The large fact about teens and young adults is not that they are heavily dependent on new media but that they partake only lightly of news, whatever the source. A shift in sources is occurring, and it is in the direction of the new media, but the larger tide has been the movement away from a daily news habit.Here are some of the numbers, based on a survey of 1800 teens aged 12 to 17, young adults aged 18 to 30 and older adults aged 31+:
The Internet cannot be faulted for the decline in news interest among young adults. Other factors, including a weakening of the home as a place where news habits are acquired, underlie this development.
Our findings suggest that some news surveys have overestimated either the amount of news young adults consume or the capacity of non-traditional media to take up the slack from young people’s flight from traditional news sources.
* 60 percent of teens, 48 percent of young adults and 23 percent of older adults say they pay little or no attention to daily news coverage.Via Reuters.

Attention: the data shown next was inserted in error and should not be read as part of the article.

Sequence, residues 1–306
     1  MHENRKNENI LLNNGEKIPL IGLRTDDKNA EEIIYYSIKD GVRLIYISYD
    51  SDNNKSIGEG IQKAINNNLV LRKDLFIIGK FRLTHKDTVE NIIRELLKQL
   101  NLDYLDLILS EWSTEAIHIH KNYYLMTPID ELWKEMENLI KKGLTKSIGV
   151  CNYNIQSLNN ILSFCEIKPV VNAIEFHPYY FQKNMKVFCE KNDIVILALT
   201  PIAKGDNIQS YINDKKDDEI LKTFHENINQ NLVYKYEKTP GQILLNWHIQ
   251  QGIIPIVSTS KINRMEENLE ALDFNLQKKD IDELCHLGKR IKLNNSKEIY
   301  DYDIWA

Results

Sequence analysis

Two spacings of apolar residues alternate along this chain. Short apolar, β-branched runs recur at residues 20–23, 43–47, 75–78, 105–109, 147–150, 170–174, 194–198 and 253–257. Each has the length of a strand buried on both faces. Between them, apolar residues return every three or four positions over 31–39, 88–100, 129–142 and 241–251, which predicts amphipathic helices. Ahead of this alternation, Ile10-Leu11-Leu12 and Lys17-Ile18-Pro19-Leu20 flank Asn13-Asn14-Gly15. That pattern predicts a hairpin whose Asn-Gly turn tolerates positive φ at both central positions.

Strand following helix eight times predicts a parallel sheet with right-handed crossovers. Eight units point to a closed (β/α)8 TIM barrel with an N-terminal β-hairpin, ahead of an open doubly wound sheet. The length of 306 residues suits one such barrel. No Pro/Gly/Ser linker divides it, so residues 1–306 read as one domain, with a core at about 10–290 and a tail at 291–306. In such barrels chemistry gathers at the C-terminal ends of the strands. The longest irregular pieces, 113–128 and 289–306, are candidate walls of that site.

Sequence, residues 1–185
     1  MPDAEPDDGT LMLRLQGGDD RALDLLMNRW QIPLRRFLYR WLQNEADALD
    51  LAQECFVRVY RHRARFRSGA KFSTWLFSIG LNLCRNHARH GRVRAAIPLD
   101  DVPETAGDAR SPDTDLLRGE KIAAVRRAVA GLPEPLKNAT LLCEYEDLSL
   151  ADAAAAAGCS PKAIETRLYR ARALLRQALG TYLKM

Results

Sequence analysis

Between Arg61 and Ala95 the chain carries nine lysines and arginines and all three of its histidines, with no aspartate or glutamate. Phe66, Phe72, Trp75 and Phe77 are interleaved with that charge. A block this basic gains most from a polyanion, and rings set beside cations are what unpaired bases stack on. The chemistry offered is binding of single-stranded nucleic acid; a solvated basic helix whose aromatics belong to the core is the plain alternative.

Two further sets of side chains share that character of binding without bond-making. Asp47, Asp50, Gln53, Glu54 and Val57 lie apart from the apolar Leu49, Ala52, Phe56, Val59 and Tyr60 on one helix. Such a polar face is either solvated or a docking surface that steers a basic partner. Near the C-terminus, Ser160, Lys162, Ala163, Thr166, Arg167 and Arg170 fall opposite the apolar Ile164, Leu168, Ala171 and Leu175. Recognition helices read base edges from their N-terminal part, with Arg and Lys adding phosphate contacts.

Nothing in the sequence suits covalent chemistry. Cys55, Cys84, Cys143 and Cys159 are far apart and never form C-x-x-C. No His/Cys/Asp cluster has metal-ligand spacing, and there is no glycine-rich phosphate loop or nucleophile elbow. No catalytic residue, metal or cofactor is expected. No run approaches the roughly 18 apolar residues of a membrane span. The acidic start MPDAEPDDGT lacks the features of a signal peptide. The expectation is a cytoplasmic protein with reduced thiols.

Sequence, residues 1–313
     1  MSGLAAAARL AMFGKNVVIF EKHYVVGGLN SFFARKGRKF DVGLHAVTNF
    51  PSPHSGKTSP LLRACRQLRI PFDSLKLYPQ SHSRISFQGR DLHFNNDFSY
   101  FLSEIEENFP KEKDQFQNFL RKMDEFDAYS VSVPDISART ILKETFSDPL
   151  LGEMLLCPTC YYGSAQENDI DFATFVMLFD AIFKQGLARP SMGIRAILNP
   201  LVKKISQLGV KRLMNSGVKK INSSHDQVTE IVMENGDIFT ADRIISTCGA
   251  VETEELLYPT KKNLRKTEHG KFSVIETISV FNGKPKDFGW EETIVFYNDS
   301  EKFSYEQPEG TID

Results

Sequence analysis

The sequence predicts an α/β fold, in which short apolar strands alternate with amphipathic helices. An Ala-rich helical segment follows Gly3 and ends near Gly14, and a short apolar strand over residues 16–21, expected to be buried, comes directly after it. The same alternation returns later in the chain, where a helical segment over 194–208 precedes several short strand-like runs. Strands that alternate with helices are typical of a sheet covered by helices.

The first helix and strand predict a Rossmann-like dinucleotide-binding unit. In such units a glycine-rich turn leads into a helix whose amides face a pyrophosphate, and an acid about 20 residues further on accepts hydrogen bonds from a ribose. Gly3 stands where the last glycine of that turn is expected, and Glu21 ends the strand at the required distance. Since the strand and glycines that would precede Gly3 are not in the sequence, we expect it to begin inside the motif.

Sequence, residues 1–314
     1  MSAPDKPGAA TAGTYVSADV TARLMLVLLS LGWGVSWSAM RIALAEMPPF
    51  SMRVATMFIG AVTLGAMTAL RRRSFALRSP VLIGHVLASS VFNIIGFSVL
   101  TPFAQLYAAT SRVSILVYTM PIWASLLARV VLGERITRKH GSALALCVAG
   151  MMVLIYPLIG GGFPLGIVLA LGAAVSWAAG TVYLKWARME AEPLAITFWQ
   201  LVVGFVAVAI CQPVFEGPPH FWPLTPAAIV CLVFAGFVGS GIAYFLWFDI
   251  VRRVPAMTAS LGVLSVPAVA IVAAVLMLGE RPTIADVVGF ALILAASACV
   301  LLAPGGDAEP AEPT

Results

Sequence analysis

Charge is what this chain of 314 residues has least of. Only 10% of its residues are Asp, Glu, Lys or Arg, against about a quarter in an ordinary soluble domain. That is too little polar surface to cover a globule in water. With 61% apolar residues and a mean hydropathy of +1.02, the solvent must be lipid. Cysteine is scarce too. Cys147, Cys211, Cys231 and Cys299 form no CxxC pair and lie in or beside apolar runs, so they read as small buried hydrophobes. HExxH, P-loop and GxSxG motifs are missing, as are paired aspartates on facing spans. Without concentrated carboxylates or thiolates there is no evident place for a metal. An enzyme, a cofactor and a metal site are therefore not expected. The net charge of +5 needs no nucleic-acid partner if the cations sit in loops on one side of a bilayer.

*Of respondents who said they had been exposed to major news stories, only about 40 percent of them could actually recall the key factual element of the story when asked.
*When it comes to hard news on politics or public affairs, only 45 percent of respondents said they were aware such stories. By comparison, 75 percent said they were familiar with softer celebrity or human interest stories, such as the death of Anna Nicole Smith.
*Segmented by age, 54 percent of older adults said they were aware of the main hard news stories and 83 percent said they were familiar with the soft news items. That compared with 24 percent of teens for hard news and 66 percent on soft news.